Old FaithfulSome scientists claim that the United States has enough geothermal resources to provide 20% or more of the nation’s energy needs. More than a dozen states are known to own lucrative geothermal resources, and most of those states have already begun to develop them. The first geothermal power plant was built in Italy in 1904, and many European States are turning to untapped resources beneath their feet.

In August, Alaska will sell prospecting rights to Mount Spurr, one of several volcanoes located near Anchorage. It is estimated that Mount Spurr could generate “tens of hundreds of megawatts of energy”. Alaska may also sell similar prospecting rights to Mount Augustine, an explosive volcano located on its own uninhabited island. Authorities admit that Augustine poses “special safety challenges“. Both erupt relatively frequently.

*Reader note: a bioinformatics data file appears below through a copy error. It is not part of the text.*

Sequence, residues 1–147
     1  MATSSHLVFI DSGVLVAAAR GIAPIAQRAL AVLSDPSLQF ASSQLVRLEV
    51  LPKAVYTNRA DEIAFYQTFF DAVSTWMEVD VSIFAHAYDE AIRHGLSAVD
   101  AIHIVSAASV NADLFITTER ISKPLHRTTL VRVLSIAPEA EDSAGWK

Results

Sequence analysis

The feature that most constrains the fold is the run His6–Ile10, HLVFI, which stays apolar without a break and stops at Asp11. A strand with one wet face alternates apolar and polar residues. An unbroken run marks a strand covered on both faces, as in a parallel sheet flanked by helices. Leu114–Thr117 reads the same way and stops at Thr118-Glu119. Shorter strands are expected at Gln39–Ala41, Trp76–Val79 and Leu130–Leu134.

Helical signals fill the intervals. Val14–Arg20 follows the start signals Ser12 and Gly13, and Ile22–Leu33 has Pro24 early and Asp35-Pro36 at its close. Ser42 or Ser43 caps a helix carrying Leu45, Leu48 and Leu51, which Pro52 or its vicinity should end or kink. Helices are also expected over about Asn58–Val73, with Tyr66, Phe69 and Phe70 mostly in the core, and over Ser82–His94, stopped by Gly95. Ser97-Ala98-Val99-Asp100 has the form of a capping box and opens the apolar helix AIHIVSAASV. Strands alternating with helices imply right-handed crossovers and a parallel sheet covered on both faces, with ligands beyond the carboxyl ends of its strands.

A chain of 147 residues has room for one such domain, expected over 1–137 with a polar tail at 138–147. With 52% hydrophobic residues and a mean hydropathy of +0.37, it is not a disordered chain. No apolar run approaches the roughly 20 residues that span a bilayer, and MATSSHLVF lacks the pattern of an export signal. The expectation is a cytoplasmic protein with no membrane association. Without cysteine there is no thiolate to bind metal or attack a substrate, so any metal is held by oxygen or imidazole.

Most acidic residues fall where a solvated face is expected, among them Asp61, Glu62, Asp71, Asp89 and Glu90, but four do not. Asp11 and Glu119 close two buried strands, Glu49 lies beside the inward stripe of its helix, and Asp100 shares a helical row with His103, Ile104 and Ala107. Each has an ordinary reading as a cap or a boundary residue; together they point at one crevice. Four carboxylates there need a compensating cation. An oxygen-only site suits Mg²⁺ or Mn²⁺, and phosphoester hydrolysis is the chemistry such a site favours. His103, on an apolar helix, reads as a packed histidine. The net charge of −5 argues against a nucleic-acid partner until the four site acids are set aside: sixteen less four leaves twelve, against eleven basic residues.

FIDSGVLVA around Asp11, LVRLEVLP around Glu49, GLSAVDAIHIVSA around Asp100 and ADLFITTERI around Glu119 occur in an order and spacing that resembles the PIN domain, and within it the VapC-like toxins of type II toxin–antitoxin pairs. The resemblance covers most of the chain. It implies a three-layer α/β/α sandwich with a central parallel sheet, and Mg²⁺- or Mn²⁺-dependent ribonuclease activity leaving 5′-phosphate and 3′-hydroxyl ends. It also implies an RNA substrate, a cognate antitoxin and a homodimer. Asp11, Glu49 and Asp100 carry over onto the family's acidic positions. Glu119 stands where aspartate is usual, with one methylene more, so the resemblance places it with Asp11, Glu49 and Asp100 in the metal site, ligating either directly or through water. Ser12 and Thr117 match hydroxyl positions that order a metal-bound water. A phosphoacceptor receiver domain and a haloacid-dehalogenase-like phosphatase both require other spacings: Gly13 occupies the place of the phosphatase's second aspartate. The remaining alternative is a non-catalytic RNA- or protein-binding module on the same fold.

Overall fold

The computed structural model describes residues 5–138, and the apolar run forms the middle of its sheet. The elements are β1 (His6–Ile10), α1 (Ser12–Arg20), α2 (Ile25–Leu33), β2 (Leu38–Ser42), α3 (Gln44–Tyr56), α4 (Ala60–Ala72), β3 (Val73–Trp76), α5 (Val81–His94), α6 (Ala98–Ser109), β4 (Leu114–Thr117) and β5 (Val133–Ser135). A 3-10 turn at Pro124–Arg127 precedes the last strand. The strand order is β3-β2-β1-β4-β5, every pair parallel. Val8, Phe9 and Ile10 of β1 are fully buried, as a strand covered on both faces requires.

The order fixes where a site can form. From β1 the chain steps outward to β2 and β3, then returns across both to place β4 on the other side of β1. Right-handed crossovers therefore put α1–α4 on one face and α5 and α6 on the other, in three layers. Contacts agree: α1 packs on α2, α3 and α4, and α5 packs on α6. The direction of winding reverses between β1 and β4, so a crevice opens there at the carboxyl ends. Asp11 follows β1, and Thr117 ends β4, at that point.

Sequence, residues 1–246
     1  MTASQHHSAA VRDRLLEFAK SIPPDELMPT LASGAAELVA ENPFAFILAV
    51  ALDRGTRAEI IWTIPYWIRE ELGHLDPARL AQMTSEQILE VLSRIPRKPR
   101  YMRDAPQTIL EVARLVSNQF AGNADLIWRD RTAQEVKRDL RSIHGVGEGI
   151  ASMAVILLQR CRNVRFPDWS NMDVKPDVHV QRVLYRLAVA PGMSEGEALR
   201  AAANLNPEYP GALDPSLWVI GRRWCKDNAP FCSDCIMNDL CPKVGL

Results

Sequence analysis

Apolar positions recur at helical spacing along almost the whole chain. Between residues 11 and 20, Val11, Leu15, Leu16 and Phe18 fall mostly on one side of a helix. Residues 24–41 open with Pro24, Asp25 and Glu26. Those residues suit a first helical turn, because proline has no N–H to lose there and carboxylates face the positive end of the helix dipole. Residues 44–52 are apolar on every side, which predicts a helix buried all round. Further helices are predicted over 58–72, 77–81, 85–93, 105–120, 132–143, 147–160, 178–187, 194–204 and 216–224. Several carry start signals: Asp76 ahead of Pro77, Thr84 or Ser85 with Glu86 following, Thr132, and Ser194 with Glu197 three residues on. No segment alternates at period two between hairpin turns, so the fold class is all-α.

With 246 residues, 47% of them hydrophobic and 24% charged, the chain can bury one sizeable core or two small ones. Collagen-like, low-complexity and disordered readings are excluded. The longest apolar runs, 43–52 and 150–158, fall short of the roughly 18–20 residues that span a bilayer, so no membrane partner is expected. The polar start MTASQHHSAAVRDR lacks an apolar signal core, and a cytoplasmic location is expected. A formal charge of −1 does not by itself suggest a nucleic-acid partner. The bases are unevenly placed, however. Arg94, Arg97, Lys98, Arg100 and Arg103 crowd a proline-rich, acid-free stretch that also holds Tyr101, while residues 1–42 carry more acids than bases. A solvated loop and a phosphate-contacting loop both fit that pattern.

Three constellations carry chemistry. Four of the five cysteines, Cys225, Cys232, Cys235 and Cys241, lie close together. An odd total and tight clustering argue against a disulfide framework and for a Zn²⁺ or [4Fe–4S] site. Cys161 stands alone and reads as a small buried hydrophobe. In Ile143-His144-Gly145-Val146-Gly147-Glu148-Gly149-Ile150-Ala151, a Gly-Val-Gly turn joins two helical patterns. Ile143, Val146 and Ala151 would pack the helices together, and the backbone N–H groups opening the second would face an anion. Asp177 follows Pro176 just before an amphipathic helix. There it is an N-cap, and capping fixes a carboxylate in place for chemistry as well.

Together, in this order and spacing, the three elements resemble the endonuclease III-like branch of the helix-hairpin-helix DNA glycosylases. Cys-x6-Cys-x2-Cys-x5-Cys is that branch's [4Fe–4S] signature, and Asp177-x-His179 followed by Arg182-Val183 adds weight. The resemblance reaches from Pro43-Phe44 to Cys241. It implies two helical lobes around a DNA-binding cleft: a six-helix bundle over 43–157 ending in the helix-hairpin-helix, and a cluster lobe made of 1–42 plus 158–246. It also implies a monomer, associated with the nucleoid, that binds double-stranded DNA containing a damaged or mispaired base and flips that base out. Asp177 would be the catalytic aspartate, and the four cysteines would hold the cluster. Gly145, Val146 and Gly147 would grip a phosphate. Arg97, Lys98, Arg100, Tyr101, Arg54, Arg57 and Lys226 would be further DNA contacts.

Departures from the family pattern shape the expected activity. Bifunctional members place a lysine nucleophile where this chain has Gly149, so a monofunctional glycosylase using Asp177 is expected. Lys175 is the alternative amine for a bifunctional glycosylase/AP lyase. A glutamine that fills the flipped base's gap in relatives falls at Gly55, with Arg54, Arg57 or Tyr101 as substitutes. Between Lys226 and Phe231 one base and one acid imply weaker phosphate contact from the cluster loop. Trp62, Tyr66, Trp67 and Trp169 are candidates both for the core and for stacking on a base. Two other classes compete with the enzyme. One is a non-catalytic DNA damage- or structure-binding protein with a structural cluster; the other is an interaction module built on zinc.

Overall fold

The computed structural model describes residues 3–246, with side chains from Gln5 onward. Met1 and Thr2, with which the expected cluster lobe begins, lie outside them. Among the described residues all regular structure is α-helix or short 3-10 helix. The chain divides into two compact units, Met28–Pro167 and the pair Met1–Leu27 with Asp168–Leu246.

An existing geothermal facility near Santa Rosa, California has been generating enough energy to power San Francisco for years. As one of the largest geothermal developments in the world, it illustrates the potential scale of geothermal. Like Iceland, some cities or nations could harvest a significant portion of their electricity from the ground.

No one has managed to “tap the (volcanoes of the) Rockies” just yet. Special safety challenges will require special safety innovations. Nevertheless, the potential return could be as enourmous as the forces of nature at work: clean, green, unlimited energy for the rest of this geologic era. Unlike solar and wind, geothermal generates a steady supply of energy 24 hours a day, everyday. Anything so abundant and predictable won’t go untapped for long.